Whilst their debut was a masterclass in long songs ‘The Closer You Get’ has its fair share of shorter numbers reflected in the mid to latter part of the album with the high energy ‘Don’t Wanna Stop’ and ‘Slab Square’ both of which clock in at less than three minutes apiece but still ably equipped with enough of a draw to have you fully mesmerised by their output.  Olley puts warts and all into his shredding vocal: “I’ll meet you there down in slab square, we’ll make a pair, I wanna shake the sky, C’mon and shake the sky”

It’s lighters ahoy on the mellifluous melancholy of ‘England & A Broken Radio’.  Olley’s lyrics are kept lo-fi, seemingly sung through a redundant cassette microphone and accompanied by a metronomic beat and jagged guitar compliments perfectly.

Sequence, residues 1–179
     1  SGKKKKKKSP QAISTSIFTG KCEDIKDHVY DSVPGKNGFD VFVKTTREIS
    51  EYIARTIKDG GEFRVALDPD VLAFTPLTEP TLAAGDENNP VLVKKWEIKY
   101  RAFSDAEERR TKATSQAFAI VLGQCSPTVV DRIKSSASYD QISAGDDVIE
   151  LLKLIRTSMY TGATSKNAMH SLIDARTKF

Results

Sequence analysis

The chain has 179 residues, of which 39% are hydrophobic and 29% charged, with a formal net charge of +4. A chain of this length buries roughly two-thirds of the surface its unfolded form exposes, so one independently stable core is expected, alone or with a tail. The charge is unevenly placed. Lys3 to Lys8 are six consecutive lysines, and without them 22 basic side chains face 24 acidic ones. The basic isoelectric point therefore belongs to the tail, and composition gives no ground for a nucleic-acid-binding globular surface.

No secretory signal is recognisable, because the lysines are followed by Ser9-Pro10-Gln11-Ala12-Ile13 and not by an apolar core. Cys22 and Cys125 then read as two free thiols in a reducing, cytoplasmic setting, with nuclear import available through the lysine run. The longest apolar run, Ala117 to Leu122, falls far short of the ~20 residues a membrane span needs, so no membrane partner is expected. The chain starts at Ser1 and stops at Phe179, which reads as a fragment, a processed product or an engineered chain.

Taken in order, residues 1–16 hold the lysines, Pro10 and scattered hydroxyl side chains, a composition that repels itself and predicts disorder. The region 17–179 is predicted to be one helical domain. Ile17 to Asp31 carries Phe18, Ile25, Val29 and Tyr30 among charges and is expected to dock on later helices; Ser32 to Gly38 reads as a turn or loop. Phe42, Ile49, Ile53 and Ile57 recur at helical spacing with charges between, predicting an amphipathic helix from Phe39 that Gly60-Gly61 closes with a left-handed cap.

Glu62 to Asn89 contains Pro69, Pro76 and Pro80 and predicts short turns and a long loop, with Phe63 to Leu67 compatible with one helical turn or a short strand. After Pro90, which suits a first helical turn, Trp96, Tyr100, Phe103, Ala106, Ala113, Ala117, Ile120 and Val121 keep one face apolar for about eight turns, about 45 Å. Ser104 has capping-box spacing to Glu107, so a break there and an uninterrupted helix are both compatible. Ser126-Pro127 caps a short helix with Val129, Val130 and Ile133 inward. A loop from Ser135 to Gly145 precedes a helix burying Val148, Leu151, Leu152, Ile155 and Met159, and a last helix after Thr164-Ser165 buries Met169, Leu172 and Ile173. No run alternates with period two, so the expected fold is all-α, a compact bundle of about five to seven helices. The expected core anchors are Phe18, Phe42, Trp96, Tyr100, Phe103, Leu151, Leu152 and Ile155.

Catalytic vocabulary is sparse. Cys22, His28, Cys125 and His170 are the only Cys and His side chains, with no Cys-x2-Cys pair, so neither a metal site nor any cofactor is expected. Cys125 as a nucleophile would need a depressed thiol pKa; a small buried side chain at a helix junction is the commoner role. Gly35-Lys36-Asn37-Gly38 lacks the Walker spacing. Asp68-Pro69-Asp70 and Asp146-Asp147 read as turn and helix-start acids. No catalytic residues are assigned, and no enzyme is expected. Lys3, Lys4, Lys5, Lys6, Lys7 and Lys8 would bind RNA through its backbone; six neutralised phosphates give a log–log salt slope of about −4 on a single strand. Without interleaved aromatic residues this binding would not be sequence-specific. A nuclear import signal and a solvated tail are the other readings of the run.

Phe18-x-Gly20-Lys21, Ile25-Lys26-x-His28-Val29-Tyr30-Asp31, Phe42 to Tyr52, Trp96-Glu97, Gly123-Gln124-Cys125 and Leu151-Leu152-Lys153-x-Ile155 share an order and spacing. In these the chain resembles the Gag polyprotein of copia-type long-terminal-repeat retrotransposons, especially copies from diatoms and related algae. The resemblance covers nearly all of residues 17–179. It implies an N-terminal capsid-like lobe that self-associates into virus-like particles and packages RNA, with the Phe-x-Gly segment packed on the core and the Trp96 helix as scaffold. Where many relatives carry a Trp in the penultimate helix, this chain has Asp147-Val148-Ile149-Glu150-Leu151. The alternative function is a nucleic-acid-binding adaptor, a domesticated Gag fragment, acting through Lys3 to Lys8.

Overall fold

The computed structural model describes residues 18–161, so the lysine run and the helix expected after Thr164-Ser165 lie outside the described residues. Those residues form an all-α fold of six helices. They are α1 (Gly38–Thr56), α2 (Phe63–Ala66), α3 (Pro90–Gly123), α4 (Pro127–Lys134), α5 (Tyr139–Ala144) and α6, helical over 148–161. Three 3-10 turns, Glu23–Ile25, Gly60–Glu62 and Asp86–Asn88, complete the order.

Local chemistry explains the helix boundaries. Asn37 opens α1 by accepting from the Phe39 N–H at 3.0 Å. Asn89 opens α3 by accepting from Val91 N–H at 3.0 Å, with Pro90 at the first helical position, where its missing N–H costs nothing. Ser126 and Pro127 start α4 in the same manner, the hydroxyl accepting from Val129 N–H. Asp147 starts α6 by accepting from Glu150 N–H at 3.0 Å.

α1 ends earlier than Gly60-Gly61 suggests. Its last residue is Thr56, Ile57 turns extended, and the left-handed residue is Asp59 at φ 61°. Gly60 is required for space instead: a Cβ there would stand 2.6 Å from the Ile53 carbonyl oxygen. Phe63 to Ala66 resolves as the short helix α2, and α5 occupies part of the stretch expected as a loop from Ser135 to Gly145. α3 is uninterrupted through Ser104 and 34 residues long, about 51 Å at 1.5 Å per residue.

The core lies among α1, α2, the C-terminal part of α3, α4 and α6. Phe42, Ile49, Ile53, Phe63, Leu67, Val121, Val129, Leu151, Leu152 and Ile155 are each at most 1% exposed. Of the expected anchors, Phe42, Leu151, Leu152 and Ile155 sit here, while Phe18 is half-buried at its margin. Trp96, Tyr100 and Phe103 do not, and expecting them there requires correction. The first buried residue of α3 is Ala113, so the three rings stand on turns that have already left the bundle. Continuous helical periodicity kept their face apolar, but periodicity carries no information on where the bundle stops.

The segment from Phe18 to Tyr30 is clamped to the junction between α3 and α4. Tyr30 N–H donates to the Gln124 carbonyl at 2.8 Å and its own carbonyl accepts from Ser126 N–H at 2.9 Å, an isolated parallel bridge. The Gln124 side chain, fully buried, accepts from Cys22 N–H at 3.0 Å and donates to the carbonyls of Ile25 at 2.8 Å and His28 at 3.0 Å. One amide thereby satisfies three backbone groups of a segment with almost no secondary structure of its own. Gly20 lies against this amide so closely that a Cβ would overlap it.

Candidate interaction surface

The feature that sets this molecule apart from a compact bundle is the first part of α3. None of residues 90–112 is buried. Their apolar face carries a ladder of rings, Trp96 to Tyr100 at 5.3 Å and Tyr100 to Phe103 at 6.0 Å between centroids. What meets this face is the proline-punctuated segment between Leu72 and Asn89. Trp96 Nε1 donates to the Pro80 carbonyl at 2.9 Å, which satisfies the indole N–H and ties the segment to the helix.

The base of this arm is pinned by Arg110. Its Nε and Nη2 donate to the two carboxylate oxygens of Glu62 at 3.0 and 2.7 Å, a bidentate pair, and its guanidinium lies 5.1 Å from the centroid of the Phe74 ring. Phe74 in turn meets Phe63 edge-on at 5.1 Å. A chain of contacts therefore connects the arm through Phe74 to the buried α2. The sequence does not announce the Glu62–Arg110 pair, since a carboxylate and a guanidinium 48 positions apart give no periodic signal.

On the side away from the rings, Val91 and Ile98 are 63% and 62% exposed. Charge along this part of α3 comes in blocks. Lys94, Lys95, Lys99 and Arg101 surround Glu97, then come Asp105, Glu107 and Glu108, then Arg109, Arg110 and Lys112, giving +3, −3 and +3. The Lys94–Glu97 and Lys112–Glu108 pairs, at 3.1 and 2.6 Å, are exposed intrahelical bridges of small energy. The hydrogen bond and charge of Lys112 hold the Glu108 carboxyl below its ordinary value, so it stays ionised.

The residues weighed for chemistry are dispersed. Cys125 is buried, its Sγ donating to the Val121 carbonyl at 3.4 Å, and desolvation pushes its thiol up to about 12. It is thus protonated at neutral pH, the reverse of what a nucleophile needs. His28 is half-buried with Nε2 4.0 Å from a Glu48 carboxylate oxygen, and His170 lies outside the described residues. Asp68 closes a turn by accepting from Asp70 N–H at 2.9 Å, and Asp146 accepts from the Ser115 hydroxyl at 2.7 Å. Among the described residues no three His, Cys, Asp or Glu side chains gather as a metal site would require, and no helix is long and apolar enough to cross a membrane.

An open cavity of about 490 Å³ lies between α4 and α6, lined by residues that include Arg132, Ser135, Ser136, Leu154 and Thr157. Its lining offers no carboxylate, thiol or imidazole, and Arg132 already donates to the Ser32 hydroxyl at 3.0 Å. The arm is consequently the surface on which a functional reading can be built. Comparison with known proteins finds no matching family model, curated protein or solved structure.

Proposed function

‘Another Love Song’ takes another twist.  A plethora of mellow electronic beats are quickly joined up by the soaring keyboard and crashing drums which have the intensity of a man drumming for food.  The layers jump up again when the guitars crash in and all in all we have a fucking party.  This is the least love song you could ever have.  It has no frills, no jolliness, just sheer belligerent parcels of blackness. ‘Overnight Success’ is so similar ilk and maintains a rich high-water mark of output.

The mellowest moment is saved for closer ‘100 And Something Foxhall Road’.  The guitars are retired, well almost and replaced by all things percussion and one note keyboard.  Olley tells us: “The Dream Is Sweeter Than The Taste”.  Maybe he’s right but when he looks back on the back catalogue of Six By Seven he might just scream out this was our best album.  ‘The Closer You Get’ is a lost classic and hugely understated.  I dare you not to wallow in its simple brilliance.